Barack Obama's birthplace[edit]

In a 2022 interview with the New Yorker, Klein defended President Trump's promotion of conspiracy theories questioning the birthplace of Barack Obama, claiming that Obama's autobiography cover jacket stated he was born in Kenya. Klein further stated that it was "very suspicious" that President Barack Obama did not release his birth certificate "when it was being challenged." Obama released his long-form birth certificate in 2011, confirming that he was born in Hawaii, while Obama's publishers released promotional material in 1991 misstating Obama's birthplace. Klein later clarified he believed that Barack Obama was born in the United States.[21]


Klein is married to Rita, has a married daughter Rachael, and four grandchildren.[22] Klein has Tourette syndrome.[23]

Testimony before government committees[edit]

In 2017, Klein submitted a letter to Congress which stated that "moving the U.S. Embassy to Israel's capital will achieve tremendous benefits for the United States and our allies throughout the world."[24]

Academic work[edit]

Klein served as a lecturer at Temple University[25] and as a biostatistician at UCLA School of Public Health and the Linus Pauling Institute of Science and Medicine in Palo Alto, California.[2] He has previously published work on epidemiology in academic journals.[26] His research on nutrition and heart disease was cited by Discover Magazine as one of the Top 50 Scientific Studies of 1992.[25]


  1. ^ "THE FORWARD 50; Lead Players on a Global Stage". bechollashon.org. Archived from the original on 2017-04-25. Retrieved 2018-08-29.
  2. ^ a b "Morton A. Klein". Israeli American Council. 2016-08-31. Retrieved 2018-09-28.
  3. ^ a b Wakin, Daniel J. (26 March 2003). "PUBLIC LIVES; In Favor of the War, and Enjoying a Good Fight". The New York Times. Retrieved 2018-08-29.
  4. ^ "Morton Klein: Bibi Sent Wrong Message, Elliot Resnick, Jewish Press Staff Reporter". Jewishpress.com. 2009-06-24. Archived from the original on 2009-07-27. Retrieved 2010-08-12.
  5. ^ June 26, '09, p. 10
  6. ^ a b "National President Morton A. Klein". ZOA.org. 2010-12-14. Archived from the original on 2010-12-02. Retrieved 2010-12-14.
  7. ^ "Steve Bannon's Best Jewish Friend: Morton Klein's Rise to Prominence in the Trump Era". Haaretz. 2017-12-06. Retrieved 2018-08-08.
  8. ^ Popper, Nathaniel (2006-04-14). "ZOA Pressed by Former Officials Over Guard's Pay". The Forward. Retrieved 2010-08-12.
  9. ^ "4819-ZOA Report FL08.p5" (PDF). Archived from the original (PDF) on 2011-06-05. Retrieved 2010-08-12.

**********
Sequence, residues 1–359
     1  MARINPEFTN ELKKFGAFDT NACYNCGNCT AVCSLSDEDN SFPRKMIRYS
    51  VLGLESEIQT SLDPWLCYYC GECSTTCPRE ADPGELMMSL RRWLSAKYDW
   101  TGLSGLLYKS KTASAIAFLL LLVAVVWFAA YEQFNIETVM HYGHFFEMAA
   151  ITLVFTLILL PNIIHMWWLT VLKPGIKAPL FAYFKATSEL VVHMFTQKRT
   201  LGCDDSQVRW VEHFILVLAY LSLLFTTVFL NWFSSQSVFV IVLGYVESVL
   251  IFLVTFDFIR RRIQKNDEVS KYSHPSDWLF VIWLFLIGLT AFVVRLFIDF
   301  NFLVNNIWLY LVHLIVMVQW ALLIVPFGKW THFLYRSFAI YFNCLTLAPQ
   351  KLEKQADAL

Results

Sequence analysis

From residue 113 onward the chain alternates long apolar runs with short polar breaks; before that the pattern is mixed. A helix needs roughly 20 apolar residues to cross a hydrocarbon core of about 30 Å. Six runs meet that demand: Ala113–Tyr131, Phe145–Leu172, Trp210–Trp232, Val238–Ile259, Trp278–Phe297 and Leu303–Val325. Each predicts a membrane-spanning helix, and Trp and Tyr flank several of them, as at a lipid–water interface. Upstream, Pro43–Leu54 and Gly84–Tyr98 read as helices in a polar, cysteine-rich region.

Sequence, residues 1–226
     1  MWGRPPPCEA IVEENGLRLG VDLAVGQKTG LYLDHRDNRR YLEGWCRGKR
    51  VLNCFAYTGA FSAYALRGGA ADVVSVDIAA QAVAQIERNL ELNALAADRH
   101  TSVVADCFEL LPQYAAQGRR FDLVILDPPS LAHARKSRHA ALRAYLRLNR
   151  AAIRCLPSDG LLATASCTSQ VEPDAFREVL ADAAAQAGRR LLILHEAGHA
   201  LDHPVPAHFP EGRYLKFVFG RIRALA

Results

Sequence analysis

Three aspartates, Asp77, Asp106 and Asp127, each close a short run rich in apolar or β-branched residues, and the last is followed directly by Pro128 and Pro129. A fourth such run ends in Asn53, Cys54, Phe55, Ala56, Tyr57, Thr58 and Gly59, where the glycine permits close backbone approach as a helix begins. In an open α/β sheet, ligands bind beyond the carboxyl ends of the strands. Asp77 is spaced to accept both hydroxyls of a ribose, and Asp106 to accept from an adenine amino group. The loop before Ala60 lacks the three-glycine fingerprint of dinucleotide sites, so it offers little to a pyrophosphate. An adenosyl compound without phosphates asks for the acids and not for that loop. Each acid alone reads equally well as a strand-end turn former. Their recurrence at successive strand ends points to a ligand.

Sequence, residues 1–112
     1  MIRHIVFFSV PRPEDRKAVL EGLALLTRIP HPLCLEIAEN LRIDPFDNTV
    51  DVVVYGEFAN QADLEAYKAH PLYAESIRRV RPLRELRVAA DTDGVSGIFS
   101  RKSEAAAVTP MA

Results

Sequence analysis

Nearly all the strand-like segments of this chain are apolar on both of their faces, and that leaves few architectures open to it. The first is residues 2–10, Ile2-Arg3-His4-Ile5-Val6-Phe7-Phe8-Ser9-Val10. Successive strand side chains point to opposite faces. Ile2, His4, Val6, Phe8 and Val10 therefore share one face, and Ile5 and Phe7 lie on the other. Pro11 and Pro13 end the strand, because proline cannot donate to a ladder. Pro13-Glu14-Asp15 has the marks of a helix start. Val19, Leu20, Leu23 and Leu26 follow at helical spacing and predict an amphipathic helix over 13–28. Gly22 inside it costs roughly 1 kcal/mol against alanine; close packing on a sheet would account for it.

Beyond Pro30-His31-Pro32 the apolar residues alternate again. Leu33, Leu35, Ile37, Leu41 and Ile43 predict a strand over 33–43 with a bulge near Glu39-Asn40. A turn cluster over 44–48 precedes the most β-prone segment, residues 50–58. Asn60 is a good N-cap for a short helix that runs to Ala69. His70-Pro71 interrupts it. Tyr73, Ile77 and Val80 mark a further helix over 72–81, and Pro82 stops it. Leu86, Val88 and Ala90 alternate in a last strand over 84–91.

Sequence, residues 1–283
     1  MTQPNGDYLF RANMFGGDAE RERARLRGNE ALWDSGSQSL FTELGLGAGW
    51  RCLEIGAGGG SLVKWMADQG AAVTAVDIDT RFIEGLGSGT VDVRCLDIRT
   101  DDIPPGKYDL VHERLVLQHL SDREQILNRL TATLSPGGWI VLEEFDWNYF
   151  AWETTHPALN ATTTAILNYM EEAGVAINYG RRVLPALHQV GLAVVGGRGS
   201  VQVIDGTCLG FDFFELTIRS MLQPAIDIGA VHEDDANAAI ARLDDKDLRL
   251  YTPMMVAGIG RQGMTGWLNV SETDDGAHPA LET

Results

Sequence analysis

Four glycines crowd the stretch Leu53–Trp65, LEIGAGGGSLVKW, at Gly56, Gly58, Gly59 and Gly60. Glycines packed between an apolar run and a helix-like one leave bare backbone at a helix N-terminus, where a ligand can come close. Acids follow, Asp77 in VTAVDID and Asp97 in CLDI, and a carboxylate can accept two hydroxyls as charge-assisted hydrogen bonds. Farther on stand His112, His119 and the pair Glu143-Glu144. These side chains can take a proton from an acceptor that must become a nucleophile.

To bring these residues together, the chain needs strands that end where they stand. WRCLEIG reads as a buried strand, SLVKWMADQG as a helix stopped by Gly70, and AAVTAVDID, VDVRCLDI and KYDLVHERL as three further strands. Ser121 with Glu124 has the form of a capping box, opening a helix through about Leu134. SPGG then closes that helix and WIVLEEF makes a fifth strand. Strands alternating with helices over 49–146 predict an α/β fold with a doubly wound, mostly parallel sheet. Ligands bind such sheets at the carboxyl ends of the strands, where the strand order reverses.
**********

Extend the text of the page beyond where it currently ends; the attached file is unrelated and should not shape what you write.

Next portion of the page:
10. ^ Beaumont, Peter (24 December 2016). "Israel rejects 'shameful' UN resolution amid criticism of Netanyahu". The Guardian.
  11. ^ "Jewish groups hit Ocasio-Cortez for appropriating 'Never Again'". Israel National News. 19 June 2019.
  12. ^ Jaffe-Hoffman, Maayan (April 25, 2019). "ZOA calls to remove Rashida Tlaib from Democratic party - American Politics". Jerusalem Post.
  13. ^ Weisman, Jonathan (November 28, 2022). "Jewish Allies Call Trump's Dinner With Antisemites a Breaking Point". The New York Times. Retrieved 29 November 2022.
  14. ^ "ZOA Leader Supports Trump's Call for Profiling Muslims". The Forward. June 20, 2016.
  15. ^ "ZOA's Morton Klein says he's still the best man for the job". Times of Israel.
  16. ^ ZOA chief draws ire for calling Natalie Portman beautiful, but not ‘too bright’ Times of Israel, 27 April 2018; ZOA chief Klein sorry for inappropriate comments on Portman, female employee Times of Israel, 28 April 2018.
  17. ^ Nathan-Kazis, Josh (September 24, 2018). "ZOA's Mort Klein Tweets 'Filthy Arab' Slur — And Doubles Down". The Forward.
  18. ^ "Mort Klein Stands by 'Filthy Arab' Slur as Condemnation Grows". Haaretz. 26 September 2018.
  19. ^ @MortonAKlein7 (6 June 2020). "I urge the SPLC to immediately put BlackLivesMatter on their list of hate groups. BLM is a Jew hating, White hating, Israel hating, conservative Black hating, violence promoting, dangerous Soros funded extremist group of haters" (Tweet) – via Twitter.
  20. ^ Kampeas, Ron (9 June 2020). "At time of racial strife, US Jewish groups call to expel ZOA from umbrella org". The Times of Israel. Retrieved 9 June 2020.
  21. ^ Chotinier, Isaac (1 December 2022). "A Right-Wing Zionist Digests Trump's Anti-Semite Dinner Party". The New Yorker. Retrieved 1 December 2022.
  22. ^ "National President Morton A. Klein". Zionist Organization of America.
  23. ^ ‘We want to expose the truth’: ZOA leader Morton Klein rallies support for Israel in meeting at Beth Tikvah in Naples, Naples News, Feb. 14, 2011
  24. ^ Klein, Morton (November 8, 2017). "Written Testimony of Zionist Organization of America (ZOA) National President Morton A. Klein Hearing on Moving the American Embassy in Israel to Jerusalem: Challenges and Opportunities Before the House of Representatives Committee on Oversight and Government Reform Subcommittee on National Security" (PDF). United States House of Representatives.
  25. ^ a b "National President Morton A. Klein". Zionist Organization of America. Retrieved 2018-09-28.
  26. ^ James E. Enstrom; Linda E. Kanim; Morton A. Klein (May 1992). "Vitamin C Intake and Mortality among a Sample of the United States Population" (PDF). Epidemiology. 3 (3): 194–202. doi:10.1097/00001648-199205000-00003. PMID 1591317. S2CID 26073681 – via JSTOR.